I think novakant is making a legitimate point, but the troll has hijacked the thread. Some of us see Obama/Biden as the lesser of two evils, but we're not thrilled by Biden's positions. His proposal to divide Iraq was stupid (as I think von said above). Since the guest poster brought up both the war in Lebanon and the trip to Jerusalem, I would like to see some hint that Obama/Biden would be an honest broker between Arabs and Israelis, though of course that's asking for the moon. And Biden was, like HRC, in the prowar camp. I don't want someone bone-ignorant like Palin in or near the White House, but all the same, experience isn't all it's cracked up to be.

Not that I have much more to say on this. It's not like I'm going to vote for McCain because I'm not crazy about Obama/Biden, and third party protest votes (which would do no harm in my state) don't accomplish anything.

Turb,

I'm afraid this is going to be one of those rare times when you and I are in fundamental disagreement. I wish I could agree but I don’t find your chain of logic here very persuasive:


Obama could get on national tv and announce he's going to run with every single one of ken's little policy ideas and thank him by name, but ken still wouldn't change his mind.

I think you just conceded the heart of my argument – politics is tribal for some folks. Now we are just haggling over how many of them there are. Can you really look back at the results of previous elections and claim that this group is negligible in size. Hmmm, let’s see:


Maybe ken is honest and heartfelt, but I'm not sure he represents any significant number of people.

...
I mean, millions of Americans will choose to vote for essentially stupid pointless non-policy based reasons just like they do every year, but so what?

Is it just me, or does your 2nd assertion here contradict the 1st one?

Also, I disagree about the "so what?" part. The "so what?" is that Dems take a pass on this group and concede them en-block to the GOP rather than trying to contest for their votes more effectively. That is a very big upfront advantage, which might have something to do with why the GOP keeps winning. IMHO this group of tribal voters is at least an order of magnitude larger in size than the margin of victory in the last several closely contested elections.


This is the problem in trying to convince large numbers of irrational people to vote for you: you can't effectively plan for how to do it.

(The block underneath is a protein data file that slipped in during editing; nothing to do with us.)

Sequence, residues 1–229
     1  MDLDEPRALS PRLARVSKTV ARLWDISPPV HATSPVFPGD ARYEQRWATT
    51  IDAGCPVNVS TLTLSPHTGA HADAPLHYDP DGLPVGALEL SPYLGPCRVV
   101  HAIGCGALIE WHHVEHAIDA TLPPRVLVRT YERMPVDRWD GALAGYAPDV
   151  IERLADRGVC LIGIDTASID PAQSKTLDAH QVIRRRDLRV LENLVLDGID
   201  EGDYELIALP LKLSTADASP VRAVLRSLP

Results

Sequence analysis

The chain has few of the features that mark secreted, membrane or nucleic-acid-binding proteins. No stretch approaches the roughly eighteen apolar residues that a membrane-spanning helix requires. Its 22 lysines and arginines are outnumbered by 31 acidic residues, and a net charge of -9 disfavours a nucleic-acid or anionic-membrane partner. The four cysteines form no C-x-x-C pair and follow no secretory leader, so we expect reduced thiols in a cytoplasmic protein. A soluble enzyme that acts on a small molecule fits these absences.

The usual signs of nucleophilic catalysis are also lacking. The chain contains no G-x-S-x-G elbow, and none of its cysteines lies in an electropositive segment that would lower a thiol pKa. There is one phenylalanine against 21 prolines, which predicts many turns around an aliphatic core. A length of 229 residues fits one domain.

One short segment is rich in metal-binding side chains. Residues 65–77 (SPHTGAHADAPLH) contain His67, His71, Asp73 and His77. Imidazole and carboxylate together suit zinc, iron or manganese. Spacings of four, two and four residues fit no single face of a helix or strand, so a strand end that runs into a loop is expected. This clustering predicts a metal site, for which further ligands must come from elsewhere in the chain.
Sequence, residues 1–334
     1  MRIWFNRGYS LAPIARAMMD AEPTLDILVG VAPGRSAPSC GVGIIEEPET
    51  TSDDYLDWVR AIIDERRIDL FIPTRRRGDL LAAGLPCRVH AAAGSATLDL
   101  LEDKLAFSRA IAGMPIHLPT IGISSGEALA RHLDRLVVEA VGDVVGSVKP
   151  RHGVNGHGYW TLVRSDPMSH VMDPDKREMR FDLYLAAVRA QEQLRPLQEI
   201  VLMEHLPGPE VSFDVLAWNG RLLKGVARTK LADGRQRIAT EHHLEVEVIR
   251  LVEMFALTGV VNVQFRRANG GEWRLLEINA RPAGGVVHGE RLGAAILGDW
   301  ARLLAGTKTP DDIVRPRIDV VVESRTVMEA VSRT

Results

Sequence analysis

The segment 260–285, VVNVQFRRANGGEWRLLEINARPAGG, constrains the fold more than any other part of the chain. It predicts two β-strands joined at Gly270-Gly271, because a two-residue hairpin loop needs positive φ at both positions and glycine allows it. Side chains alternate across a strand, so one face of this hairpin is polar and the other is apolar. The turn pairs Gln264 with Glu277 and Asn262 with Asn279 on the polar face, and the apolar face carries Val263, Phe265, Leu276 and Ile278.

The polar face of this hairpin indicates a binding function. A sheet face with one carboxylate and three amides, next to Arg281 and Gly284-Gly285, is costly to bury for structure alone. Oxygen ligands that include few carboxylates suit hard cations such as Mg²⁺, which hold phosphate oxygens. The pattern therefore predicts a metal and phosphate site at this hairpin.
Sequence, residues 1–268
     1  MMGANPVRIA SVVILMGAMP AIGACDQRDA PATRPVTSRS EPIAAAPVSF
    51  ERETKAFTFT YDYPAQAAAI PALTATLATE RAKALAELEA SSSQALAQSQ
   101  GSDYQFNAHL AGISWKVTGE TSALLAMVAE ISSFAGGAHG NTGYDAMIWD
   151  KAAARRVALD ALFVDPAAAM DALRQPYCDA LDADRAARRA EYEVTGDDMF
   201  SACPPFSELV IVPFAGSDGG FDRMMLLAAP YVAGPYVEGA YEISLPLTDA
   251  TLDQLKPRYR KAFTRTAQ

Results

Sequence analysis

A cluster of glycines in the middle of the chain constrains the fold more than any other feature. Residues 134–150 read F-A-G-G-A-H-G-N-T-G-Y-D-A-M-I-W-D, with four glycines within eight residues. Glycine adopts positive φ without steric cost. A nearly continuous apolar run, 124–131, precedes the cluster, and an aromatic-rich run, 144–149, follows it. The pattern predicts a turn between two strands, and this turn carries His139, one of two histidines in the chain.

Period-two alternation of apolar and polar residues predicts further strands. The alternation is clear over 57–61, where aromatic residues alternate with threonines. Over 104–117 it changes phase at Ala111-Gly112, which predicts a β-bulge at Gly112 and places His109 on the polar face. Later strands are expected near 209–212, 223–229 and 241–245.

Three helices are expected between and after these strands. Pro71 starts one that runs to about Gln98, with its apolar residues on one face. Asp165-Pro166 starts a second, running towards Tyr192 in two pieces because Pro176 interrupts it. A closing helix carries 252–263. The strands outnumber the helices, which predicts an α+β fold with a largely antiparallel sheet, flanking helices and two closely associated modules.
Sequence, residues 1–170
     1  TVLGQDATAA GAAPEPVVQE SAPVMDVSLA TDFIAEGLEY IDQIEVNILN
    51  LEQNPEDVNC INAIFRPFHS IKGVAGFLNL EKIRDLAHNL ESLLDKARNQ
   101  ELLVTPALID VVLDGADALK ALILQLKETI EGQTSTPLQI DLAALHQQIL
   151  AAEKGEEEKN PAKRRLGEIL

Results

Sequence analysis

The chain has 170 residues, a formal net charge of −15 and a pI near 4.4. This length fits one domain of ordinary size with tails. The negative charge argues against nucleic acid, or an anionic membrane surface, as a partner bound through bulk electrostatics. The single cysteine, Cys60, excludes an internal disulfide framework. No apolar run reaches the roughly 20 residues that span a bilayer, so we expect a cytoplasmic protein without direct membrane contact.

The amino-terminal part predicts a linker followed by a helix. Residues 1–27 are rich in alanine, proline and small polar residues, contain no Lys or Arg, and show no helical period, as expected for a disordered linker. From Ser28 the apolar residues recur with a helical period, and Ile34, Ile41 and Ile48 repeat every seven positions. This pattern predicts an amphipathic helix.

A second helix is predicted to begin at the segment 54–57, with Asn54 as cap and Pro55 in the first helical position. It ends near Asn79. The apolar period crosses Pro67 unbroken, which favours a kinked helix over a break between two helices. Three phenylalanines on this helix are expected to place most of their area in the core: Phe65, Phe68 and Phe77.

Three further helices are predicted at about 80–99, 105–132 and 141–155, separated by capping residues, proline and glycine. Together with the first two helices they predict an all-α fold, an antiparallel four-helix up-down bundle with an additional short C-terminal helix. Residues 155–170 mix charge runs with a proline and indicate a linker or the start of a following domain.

Not true. The GOP can and does plan how to get this group. Bill Clinton did a pretty fair job of it too. So did FDR. So it can be done, and not just by being evil or lying.


Yes, Obama has to convince people in general that he's looking out for them, but he talks about that in every single speech, in every single media appearance, and almost every ad. There are some people for whom that will be enough, but for the others, I don't see any reasonable thing that Obama can do to convince them.

What Obama is failing to do is to speak to these voters in meta-language and symbols, rather than in terms of policy. He is doing a great job of being reasonable, but Democrats are going to need to do more than just "hang on tight to their reason", as Perlstein put it in Nixonland. Obama needs to be "one of them" symbolically and not just by advocating for better policies.


We don't have much ability to predict what random intellectual floatsum will move these millions of voters and indeed, it seems doubtful that there is any one thing that moves most of them.

Here's another point where you're missing how the GOP is able win elections.

It doesn't matter if you don't know what will move these voters - you just keep trying all sorts of different things until you find something that clicks with them, and then press it home. You don't need to know ahead of time what it will be.

Turbulence: So the real question is what is to be gained by telling the world an obvious lie?

Voters like von can be comforted that really, they haven't made a scarily stupid choice in deciding to support McCain.

McCain's lie isn't intended to fool Pakistan: it isn't intended to fool anyone. It's a feelgood lie: VonVoters can look at that lie from McCain and tell themselves that because McCain lies to Pakistan about what the US will do if they locate Osama bin Laden in Pakistan, that makes McCain a big diplomat and Obama stupidly aggressive.

I think novakant is making a legitimate point, but the troll has hijacked the thread.

I based my comment on [a] novakant's previous posts, and [b] the lack of any real content in the current post. So, he may have a point, but posted it as a concern troll.

"based my comment on [a] novakant's previous posts, and [b] the lack of any real content in the current post. So, he may have a point, but posted it as a concern troll."